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New country, new people, new challenges.

Min-jun recently moved to Australia as part of his university degree. He liked his studies, but it was definitely hard getting used to a new city, a new country and a language he was still learning.

He met lots of people, but it was not always easy to make friends. He found dating even harder.

Often enough, he found it easier to meet and hang out with people online.

A woman he had never met contacted him on Facebook. She was beautiful, worked at a doctor’s office and was also a young foreigner living in Australia.

They chatted at first through Facebook Messenger. Then she asked if he would like to talk on a video-call.

She called him and things became sexual very quickly. She took off her clothes and he did the same. Suddenly the call ended. The woman sent him a link which showed a video of Min-jun masturbating during their call. She’d already published it online by creating a live website. He was shocked.

She texted him demanding he transfer her $1,000USD for her to take the video down.

Min-jun didn’t know what to do. He felt so exposed and ashamed.

How could he tell anyone about something so embarrassing and private?

He didn’t text back. The woman then threatened to send the link to all his Facebook contacts and upload the video to Facebook.

The woman kept contacting him. She only wanted $800USD now and said it was because her mother needed an operation. She started messaging him every hour.

The next day Min-jun told a friend what had happened. The friend suggested he talk with the university counselling service.

Min-jun spoke with the university counsellor and she told him it was not his fault. She said the university had been seeing this happen to many students, especially young men.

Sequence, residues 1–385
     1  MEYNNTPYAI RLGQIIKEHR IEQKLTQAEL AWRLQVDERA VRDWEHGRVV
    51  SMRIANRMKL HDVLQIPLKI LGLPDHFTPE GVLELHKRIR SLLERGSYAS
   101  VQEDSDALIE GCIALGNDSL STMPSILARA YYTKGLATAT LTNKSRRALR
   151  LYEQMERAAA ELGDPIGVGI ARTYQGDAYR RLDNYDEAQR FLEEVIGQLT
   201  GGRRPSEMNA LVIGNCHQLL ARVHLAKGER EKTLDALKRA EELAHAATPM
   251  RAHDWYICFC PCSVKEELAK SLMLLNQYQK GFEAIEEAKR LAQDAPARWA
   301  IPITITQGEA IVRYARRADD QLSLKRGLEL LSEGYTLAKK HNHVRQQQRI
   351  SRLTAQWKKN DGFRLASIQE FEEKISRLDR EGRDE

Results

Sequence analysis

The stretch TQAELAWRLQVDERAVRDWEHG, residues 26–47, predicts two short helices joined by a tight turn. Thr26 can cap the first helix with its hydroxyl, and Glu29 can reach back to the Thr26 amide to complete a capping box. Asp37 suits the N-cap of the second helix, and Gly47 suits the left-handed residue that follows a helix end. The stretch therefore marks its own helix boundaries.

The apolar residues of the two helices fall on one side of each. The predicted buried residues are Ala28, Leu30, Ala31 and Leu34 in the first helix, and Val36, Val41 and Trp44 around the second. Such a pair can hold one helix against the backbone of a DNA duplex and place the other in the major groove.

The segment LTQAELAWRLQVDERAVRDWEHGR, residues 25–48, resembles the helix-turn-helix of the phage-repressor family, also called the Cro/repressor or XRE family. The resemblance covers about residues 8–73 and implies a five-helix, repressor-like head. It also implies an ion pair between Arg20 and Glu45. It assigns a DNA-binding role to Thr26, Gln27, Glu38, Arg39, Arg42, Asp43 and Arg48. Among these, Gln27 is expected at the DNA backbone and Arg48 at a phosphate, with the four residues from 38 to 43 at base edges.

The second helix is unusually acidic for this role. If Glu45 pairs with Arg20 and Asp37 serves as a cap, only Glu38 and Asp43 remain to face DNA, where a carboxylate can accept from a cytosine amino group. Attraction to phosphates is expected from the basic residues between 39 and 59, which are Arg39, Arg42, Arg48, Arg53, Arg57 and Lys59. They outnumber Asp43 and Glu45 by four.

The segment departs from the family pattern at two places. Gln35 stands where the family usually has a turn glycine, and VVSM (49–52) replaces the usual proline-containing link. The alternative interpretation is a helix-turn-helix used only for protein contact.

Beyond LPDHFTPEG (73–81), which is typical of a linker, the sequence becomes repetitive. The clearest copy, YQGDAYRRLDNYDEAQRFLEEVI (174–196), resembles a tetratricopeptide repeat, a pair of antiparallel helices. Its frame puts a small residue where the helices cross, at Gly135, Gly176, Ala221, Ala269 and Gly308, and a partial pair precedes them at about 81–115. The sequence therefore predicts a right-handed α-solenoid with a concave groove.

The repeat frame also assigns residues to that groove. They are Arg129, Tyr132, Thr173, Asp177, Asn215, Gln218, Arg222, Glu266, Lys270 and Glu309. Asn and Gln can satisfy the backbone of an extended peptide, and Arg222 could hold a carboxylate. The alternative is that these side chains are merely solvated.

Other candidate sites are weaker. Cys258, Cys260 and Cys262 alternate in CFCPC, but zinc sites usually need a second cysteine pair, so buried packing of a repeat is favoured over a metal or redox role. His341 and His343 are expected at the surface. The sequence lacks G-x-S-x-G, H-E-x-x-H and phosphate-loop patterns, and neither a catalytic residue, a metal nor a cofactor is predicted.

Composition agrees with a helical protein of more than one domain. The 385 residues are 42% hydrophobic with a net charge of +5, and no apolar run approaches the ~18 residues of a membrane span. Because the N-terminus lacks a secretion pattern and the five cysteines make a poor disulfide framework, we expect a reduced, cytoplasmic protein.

She advised him to contact eSafety.

What Min-jun wants others to know

Once Min-jun reported the website and his image-based abuse experience to eSafety, the video was quickly taken down. He was so thankful that the eSafety Commissioner was able to assist.

He still had no idea if the woman had really been based in Australia, or if anything she said was true. He was not even sure if the woman from the Facebook profile was the same one in the video-call.

He knew he had been taken advantage of. At the time, there was a part of him that thought it was all too good to be true, but he had been feeling lonely and pushed those thoughts to the back of his head.

He knew he would have to be extremely careful whenever someone he didn’t know contacted him online — especially if it was a beautiful woman who wanted to take off her clothes.

Min-jun was a victim of sextortion.

Sextortion is a form of blackmail where a perpetrator threatens to reveal intimate images of you online unless you give in to their demands. These demands are typically for money, further intimate images or sexual favours.

If you are a victim of sextortion, or know someone who is, please report it to eSafety.

*Min-jun’s story combines the experiences and emotions of a number of individuals in this situation. Stock photo. Posed by model.

Get support

Learn more and connect with support. There are also a number of ways you can take action to remove and report intimate images if you have experienced image-based abuse or 'revenge porn'.

Last updated: 14/03/2024